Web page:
Maurice Bardèche

French literary critic and neo-fascist writer

Maurice Bardèche (1 October 1907 – 30 July 1998) was a French art critic and journalist, better known as one of the leading exponents of neo-fascism in post–World War II Europe.

Quotes edit

  • The single party, the secret police, the public displays of Caesarism, even the presence of a Führer are not necessarily attributes of fascism. […] The famous fascist methods are constantly revised and will continue to be revised. More important than the mechanism is the idea which fascism has created for itself of man and freedom. […] With another name, another face, and with nothing which betrays the projection from the past, with the form of a child we do not recognize and the head of a young Medusa, the Order of Sparta will be reborn: and paradoxically it will, without doubt, be the last bastion of Freedom and the sweetness of living.
    • Qu'est-ce que le fascisme? (Paris: Les Sept Couleurs, 1961), pp. 175–176.
  • We have been living for three years on a falsification of history. This falsification is clever: it leads to imaginations, then relies on the conspiracy of imaginations. [...] It had been a good fortune to discover in 1945 those concentration camps that no one had heard of until then, and which became precisely the proof we needed, the flagrante delicto in its purest form, the crime against humanity that justified everything. [...] The moral war was won. The German monstrosity was proved by these precious documents. [...] And the silence was such, the curtain was so skillfully, so abruptly revealed, that not a single voice dared to say that all this was too good to be perfectly true.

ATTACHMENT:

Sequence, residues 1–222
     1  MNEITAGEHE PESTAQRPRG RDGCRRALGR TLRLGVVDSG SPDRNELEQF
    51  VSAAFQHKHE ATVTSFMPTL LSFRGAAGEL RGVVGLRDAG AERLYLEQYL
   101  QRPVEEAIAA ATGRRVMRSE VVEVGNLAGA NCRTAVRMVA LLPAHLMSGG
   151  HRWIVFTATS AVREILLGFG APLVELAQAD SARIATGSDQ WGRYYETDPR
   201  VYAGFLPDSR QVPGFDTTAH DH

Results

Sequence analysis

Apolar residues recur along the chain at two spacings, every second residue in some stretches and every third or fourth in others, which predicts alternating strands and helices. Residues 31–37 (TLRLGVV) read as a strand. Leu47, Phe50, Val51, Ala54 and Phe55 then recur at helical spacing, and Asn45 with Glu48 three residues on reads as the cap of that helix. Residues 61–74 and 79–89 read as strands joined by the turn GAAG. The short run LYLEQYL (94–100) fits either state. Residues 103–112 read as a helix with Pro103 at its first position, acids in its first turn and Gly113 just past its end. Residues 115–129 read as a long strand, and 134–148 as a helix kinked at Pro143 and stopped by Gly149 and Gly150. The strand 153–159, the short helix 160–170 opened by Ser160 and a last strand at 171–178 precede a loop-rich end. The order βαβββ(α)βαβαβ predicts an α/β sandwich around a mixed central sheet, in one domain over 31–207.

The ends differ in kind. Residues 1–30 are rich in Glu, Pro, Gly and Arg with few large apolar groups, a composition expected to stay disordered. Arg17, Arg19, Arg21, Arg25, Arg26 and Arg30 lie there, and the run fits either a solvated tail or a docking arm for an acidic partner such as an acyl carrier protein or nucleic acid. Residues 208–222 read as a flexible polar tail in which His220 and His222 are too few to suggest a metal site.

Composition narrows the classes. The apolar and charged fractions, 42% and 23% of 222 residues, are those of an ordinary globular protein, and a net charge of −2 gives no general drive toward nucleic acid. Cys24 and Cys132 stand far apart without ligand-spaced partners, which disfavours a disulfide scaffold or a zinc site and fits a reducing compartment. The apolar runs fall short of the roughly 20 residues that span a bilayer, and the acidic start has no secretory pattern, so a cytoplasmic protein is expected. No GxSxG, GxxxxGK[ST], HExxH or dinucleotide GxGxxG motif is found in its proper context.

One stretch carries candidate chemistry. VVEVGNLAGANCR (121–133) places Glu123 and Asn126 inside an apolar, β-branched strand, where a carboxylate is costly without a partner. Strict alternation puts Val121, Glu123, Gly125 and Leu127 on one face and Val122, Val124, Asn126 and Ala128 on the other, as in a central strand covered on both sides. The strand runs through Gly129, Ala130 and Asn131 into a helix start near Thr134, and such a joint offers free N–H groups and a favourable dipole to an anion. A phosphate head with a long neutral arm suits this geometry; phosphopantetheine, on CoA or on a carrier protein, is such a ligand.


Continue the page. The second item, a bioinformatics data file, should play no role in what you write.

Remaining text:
• "Nuremberg ou la Terre promise", Les Sept Couleurs, 1948, pp. 9–10, 23.
  • If some people think of establishing an antifascist and stateless Europe, which would be virtually remote-controlled from New York or Tel Aviv, this colonized Europe does not appeal to us at all, and we also believe that such a conception would only prepare the way for communist infiltration and war.
    • L'Œuf de Christophe Colomb, 1951.

External links edit

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